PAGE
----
One way to subtly communicate your faith without turning away nonreligious persons…
I believe the key to being a faith-based practice that is not cheesy but speaks to the needs of all in your community is to speak in vague language that is religious but not overtly so. You can use imagery with Biblical references without rubbing it in someone’s face. For example, my practice has language speaking to renewal and risk taking. It references jumping into water and finding freedom from the problems that entangle you. The Bible has multiple references to renewal and water, especially through baptism. The Bible also speaks to freedom from bondage and life in Christ. This language speaks to Christians when they view the website.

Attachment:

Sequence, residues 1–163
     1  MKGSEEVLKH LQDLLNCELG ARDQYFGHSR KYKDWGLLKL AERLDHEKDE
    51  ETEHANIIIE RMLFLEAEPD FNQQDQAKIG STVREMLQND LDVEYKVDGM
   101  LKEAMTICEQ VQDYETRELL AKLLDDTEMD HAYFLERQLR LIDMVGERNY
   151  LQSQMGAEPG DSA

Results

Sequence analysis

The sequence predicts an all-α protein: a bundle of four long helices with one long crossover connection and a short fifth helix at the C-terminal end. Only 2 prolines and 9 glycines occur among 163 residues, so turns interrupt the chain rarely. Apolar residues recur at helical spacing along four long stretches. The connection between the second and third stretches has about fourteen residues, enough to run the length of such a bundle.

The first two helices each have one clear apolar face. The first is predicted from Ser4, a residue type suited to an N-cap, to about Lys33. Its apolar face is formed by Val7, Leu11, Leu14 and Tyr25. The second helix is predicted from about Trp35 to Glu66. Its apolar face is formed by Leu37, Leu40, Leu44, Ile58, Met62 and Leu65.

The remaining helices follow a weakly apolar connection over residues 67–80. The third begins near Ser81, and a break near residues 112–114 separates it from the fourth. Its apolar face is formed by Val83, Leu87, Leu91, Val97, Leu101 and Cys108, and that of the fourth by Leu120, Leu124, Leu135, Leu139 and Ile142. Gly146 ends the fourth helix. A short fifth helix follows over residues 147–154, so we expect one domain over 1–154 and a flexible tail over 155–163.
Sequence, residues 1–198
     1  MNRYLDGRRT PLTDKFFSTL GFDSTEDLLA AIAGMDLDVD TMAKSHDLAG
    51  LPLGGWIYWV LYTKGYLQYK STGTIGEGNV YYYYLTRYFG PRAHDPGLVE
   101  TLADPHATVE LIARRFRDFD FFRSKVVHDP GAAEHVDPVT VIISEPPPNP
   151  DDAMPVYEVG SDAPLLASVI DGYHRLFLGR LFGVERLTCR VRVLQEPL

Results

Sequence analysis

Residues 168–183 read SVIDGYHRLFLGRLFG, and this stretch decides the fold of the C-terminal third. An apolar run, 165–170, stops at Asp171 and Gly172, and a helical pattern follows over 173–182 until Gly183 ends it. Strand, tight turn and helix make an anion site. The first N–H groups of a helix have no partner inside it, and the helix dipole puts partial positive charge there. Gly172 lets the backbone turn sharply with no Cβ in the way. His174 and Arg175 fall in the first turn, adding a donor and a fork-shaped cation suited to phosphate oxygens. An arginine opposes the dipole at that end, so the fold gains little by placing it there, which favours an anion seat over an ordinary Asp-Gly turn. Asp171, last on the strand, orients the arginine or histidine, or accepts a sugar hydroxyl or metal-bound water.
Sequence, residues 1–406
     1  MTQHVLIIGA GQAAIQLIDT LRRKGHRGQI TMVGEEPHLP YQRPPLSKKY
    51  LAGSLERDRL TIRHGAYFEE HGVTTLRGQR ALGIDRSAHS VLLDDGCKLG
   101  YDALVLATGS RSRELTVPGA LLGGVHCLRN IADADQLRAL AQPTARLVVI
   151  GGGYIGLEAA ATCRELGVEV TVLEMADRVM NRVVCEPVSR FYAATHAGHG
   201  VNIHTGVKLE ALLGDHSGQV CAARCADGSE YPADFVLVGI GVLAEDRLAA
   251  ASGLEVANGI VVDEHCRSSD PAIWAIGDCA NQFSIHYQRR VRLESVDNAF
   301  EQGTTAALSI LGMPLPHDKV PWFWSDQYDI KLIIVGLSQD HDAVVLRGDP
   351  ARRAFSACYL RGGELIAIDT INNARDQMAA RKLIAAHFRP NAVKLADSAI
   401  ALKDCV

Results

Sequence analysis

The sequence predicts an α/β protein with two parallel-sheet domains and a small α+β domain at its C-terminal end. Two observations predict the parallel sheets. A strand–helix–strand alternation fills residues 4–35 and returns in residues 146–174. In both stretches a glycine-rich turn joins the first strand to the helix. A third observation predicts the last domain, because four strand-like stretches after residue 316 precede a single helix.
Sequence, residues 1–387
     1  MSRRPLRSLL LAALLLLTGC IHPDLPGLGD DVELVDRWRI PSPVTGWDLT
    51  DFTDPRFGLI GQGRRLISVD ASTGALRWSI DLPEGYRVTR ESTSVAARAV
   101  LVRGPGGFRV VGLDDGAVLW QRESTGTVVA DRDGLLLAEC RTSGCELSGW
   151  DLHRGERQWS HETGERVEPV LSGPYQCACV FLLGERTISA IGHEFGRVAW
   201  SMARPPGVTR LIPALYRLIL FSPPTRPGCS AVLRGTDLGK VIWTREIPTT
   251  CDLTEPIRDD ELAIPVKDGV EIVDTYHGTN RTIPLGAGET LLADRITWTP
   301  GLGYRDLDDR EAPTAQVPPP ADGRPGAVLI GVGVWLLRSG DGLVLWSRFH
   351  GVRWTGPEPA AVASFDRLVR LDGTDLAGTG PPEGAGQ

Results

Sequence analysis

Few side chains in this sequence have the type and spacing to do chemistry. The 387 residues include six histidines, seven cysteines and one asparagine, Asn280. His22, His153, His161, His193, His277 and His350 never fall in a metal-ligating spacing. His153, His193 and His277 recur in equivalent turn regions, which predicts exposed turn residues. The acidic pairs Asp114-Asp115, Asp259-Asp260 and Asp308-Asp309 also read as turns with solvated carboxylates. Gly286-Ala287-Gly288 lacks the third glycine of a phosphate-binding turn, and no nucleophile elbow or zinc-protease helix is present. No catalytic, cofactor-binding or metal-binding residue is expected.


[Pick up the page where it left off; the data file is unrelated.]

Another website I saw recently spoke to the idea of having encounters in counseling. The term encounter is often used in the church world as people speak of “encounters” with God. Many Christians see a practice speaking about encounters as experiences referencing God. On the other hand, people without a faith background aren’t likely to be offended or upset by the content; they simply don’t notice the Christian reference. To give one more example of religious undertones, consider the idea of Chrysalis as a name or a butterfly as a logo for a counseling practice. The Christian community knows this as an analogy to death to self and growth in Christ. However, nonreligious people would more than likely not pick up on this idea.
If you are looking to write a website to draw in faith-based clients but also want to work with those hurt by the church, using religious imagery and concepts in your copy will help meet the needs of both of these groups.
Need Help Marketing a Faith-Based Counseling Practice?